Hello Hannah, can you tell us a little bit about yourself?
My name is Hannah Marashian and I’m from Los Angeles, CA. I moved to Armenia in November of 2018 for a job and currently work at Vineti as a technical support specialist with Customer Success. Vineti is a biotech startup that was founded by GE Ventures and the Mayo Clinic. We’re a cloud-based platform that works with pharmaceutical companies to provide personalized therapies and medicines to patients. We build software and tech solutions for them to bring personalized therapy to their patients. A large number of the patients receiving personalized therapies are those who are diagnosed with late stage cancer. It is an American company with a fully-staffed representative office in Yerevan. It’s been exciting to dive into work here in Armenia while at the same time getting settled into my new home.
Back in LA, were you active in the Armenian community? When did you start thinking about moving to Armenia?
I grew up participating in and attending events but wasn’t necessarily active. However I did do Birthright Armenia in 2015-2016. I was fortunate enough to secure an internship in Artsakh with The HALO Trust, which was a goal of mine years before joining the organization. In Yerevan I was at the Regional Studies Center where I worked as an analyst. I lived in Gyumri and volunteered with various NGOs there as well. I was always open to the idea of moving to Armenia, but it was not an initial priority after returning home. I knew if I returned, the opportunities would need to be aligned with my interests and career goals. The doors just kept opening though.
Armenia is becoming better known for its innovation and technology. Can you tell us a little bit about your vision and what aspects of this we should be focusing on more?
I think we need more publicity for the Armenian tech sector. With Vineti, we are working with the cutting edge of technology. Yerevan is becoming a mini Silicon Valley. In Tech, you are seeing things from the ground up, growing with the company. For employees, the salaries are competitive, and the benefits are well-rounded. You can have a really full life here. It was important to me that I work at a company with a focus on diversity. Even though Vineti’s headquarters are in San Francisco, the Vineti AM team still maintains a strong connection to the core of the business and its customers. Everyone asks what does it mean if it’s a tech place? Let’s define that for ourselves. We should focus on making the tech opportunities here as advanced and competitive as possible. The more that investors come in and engage with the local talent, the stronger our reputation as an innovative and technologically advanced country will become. It’s a process.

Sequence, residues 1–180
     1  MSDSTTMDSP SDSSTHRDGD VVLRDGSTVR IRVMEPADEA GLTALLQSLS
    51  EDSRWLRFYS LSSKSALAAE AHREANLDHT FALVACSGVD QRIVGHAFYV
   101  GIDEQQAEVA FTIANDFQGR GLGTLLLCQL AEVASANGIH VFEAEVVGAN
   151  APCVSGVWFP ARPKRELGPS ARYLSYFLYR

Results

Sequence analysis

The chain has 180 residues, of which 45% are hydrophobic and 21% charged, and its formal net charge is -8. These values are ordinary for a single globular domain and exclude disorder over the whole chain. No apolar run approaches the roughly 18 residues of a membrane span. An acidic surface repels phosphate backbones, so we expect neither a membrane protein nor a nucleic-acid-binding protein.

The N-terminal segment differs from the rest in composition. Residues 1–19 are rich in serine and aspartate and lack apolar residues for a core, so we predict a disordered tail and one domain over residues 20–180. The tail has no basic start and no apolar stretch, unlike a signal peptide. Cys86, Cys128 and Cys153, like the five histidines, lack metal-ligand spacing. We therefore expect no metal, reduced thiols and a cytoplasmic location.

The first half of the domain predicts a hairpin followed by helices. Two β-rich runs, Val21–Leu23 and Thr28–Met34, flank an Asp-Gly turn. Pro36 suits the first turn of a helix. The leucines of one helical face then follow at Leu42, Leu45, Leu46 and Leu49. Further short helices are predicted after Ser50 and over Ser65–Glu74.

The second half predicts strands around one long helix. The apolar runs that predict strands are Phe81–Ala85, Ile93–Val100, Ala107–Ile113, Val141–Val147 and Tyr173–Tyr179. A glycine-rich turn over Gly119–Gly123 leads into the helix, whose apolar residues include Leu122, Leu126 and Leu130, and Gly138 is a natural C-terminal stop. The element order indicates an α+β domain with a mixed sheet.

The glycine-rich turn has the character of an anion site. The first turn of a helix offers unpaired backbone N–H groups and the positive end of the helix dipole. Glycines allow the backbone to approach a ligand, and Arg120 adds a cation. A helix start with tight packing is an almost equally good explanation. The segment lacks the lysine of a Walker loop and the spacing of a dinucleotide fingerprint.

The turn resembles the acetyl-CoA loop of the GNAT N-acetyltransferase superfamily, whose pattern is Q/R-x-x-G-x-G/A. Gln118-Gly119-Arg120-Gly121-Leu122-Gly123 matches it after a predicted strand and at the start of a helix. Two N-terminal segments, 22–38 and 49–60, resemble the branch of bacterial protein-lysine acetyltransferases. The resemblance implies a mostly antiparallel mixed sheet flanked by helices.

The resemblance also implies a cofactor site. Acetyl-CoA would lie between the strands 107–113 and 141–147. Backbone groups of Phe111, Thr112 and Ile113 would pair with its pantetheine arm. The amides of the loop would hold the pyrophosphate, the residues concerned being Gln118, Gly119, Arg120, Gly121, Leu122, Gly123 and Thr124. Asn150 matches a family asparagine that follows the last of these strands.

You’ve lived in Artsakh, in Gyumri and Yerevan now. Do you see changes from before and after the Revolution? What was your impression?
From back home, we were getting excited. We all have relatives or friends in Armenia and they kept telling us it is real, change is happening. A lot of people were already toying with the idea of moving back but it seems like this was the push they needed. I have not been here long enough to see the physical changes and would not speak on it yet, but talking to people now, they are optimistic, happy, and hopeful. They are open to change and to what could happen. Everything feels more tangible.
For a repat, what changes should we be expecting in order to feel more comfortable in Armenia?
The optimistic outlook is not enough, of course. I think it comes down to individual approaches. We can all make a list of pros and cons. The doors are open, go through it and give it a shot. If it doesn’t work out, you can always go home. Things always appear bigger until you come face to face with it. The Repat community is larger now and for anyone coming, they know they are not alone. Back in LA, I did not have a strong sense of repatriation, but I was fortunate enough to find a good job, had the resources, and was able to lean on the contacts I had established both locally and within the diaspora. Do your research before you come and try to get involved in local organizations.
What tips and/or life hacks can you impart for potential repatriates?